After finishing his education in Ireland, AJ MacGinty went straight to the Big Apple.
With a group of friends, the fly0-half had a year visa and even turned out for the New York Athletic Club in order to carry on playing rugby. The Irishman would then be approached about doing a masters at Life University on a scholarship, an opportunity he would not turn down.
Having played Life University on three occasions whilst representing New York, MacGinty knew a bit about the side that he would be joining. A rugby programme that has produced several USA internationals including MacGinty, Cam Dolan and Dylan Fawsitt among others, college rugby has now been pushed to the forefront of professional rugby in the USA due to Major League Rugby's draft system.
It is Life University that forms the foundation of MLR team Rugby ATL as they play at the same venue, with many alumni of the university turning out in grey and black.
“Americans love their sport,” MacGinty said. “They are incredibly competitive and there is never a lack of strength or speed. Going to Life University was massive for me because skill-wise I had a pretty good pedigree, but like size, strength and speed, I would have never had done any work like that in the gym.
“I wasn’t in a pro environment, I had other distractions so, I went to that university. It was five days a week that you are at the gym, you have got speed training, conditioning training and you have got everything. It was a pro environment and that was eight years ago. The facilities and the way universities are run, they produce incredible athletes.”
This is MacGinty’s fifth season as a professional. Making his debut for the USA in the Pacific Nations Cup in 2015, it was as a result of his performances in that competition and at the Rugby World Cup that earnt him a move back to Ireland with Connacht. Winning a Pro 12 title whilst in Galway, MacGinty has now been with Sale Sharks for four years.
Still an integral part of the USA set-up under Gary Gold, MacGinty believes that the national team has improved as a result of MLR. For the first time at the 2019 Rugby World Cup, the whole squad were capable of calling themselves professional players due to the competition.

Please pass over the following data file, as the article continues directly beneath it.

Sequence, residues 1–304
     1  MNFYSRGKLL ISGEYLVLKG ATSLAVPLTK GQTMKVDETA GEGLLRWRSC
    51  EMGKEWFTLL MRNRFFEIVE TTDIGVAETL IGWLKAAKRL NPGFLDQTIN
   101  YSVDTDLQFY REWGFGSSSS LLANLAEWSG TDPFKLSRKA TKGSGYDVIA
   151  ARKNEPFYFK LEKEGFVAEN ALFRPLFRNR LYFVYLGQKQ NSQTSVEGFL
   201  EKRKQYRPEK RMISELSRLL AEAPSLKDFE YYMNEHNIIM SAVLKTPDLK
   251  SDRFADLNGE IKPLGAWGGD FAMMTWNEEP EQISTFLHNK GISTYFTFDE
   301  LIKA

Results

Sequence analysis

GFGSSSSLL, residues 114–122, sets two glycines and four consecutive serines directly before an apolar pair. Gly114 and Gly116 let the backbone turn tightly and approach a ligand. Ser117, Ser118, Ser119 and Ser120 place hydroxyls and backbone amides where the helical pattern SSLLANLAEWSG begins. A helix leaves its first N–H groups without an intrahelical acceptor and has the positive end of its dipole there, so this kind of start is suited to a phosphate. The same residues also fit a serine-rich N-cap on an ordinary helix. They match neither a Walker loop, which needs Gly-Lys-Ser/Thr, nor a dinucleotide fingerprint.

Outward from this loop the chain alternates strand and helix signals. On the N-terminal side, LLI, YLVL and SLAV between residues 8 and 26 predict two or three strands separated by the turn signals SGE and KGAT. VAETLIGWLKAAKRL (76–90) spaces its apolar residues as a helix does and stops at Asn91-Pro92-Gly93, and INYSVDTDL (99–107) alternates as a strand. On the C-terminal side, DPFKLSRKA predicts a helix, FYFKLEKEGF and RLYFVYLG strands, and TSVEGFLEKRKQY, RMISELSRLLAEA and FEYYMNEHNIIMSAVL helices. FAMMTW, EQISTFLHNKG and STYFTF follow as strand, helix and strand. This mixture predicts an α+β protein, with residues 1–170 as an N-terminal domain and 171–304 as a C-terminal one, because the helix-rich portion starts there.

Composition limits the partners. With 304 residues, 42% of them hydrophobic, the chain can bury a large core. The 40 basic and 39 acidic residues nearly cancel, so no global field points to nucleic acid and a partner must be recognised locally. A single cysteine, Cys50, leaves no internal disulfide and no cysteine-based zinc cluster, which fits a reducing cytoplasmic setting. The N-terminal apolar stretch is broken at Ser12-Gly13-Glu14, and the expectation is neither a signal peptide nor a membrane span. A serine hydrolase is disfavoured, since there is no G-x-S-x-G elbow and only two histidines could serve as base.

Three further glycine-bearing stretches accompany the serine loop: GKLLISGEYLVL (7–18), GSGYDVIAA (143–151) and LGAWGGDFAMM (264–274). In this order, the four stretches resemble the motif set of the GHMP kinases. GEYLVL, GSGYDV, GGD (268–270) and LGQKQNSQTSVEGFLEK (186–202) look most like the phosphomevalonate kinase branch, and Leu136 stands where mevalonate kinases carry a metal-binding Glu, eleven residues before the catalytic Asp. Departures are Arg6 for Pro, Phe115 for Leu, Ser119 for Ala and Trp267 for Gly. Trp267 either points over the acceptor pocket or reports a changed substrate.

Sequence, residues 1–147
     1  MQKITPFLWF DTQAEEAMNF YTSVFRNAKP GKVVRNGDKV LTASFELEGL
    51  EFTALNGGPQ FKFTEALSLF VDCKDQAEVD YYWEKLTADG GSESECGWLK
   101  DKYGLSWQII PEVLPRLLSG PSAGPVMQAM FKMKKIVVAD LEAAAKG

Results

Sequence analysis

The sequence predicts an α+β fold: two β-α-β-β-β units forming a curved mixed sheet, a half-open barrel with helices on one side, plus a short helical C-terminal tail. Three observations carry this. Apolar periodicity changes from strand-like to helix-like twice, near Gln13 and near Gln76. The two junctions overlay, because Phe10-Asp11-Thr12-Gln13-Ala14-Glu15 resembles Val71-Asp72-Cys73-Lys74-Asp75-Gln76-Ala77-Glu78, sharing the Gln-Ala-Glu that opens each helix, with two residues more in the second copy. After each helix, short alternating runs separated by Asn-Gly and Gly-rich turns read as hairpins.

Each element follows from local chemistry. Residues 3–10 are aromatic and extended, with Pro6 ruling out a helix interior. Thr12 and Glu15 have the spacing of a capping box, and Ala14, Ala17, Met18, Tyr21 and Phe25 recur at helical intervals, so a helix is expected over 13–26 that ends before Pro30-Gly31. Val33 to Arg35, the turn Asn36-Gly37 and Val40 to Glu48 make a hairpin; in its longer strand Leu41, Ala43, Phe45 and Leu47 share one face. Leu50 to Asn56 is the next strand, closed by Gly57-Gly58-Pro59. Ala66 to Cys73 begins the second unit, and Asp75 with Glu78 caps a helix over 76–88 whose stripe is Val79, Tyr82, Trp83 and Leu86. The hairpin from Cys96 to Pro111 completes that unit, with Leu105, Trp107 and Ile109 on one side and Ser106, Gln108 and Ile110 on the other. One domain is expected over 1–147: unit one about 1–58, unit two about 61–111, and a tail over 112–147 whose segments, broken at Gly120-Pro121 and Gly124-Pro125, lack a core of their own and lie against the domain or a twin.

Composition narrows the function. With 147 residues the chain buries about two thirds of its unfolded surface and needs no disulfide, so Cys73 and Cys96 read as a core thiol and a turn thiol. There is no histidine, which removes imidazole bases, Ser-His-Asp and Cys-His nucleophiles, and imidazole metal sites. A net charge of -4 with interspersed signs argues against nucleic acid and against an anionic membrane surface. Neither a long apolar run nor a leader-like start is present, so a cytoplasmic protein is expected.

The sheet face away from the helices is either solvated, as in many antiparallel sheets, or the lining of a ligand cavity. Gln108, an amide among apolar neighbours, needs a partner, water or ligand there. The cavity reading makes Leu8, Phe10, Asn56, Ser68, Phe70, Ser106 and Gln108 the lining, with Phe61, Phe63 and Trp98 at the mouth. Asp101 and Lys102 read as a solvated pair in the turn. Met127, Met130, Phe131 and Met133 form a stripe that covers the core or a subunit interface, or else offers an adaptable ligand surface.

“The national team, when I first went in, it was maybe 15 lads from a 30 squad that were playing in a men’s league in America,” MacGinty said. “Those men’s club would just be training twice a week and playing a game on a Saturday. Their season would be three months long, so you are not getting many competitive games and you have got to travel across the country to play the best teams.
“Naturally with MLR, you have got 16 competitive games in the season. You are training three or four days a week, your body just becomes accustomed to the high intensity. When you step into the Eagles environment, you can definitely notice the difference and even in games we are able to hang with teams a little longer.
“We don’t fall out of a game. We are always very competitive. Usually the second half of a game is very lopsided, and teams run away and score at will against us. Slowly but surely, there is progress being made and MLR is going to be a huge factor in that.”With the first ever MLR Draft taking place this Saturday, MacGinty and his Eagles teammates will be casting their eyes over the newest crop of challengers for international honours. Having grown accustomed to the eight-hour bus journeys to away games whilst at Life U, MacGinty believes that the draft can be a positive pathway for young players in the States.
“I think the business model is very good and it is going to take a few years for it to kick off, but even from year one to year three the rugby and the competitiveness of the games was so much better,” MacGinty said. “Obviously, you have got some players coming in from overseas, but the talent within America is getting better and better.
“A lot of players come out of college, or high school, and wonder if they go for rugby, where there was no sort of future because there was no pro game. With guys now coming out of college, there is an opportunity to have a pro career in rugby, so it will sway a few more guys to go down the rugby route.
“You have a load of lads, even in the national team, that have played rugby growing up and then have got football scholarships, don’t make it to the NFL and then come back to play rugby. They are freak athletes. Their body just needs attuning to the stamina and skill that comes with rugby. It takes a while for the body to adapt to that, but with a pro league you will see more of those players. It will be pretty exciting, as long as they keep it going.”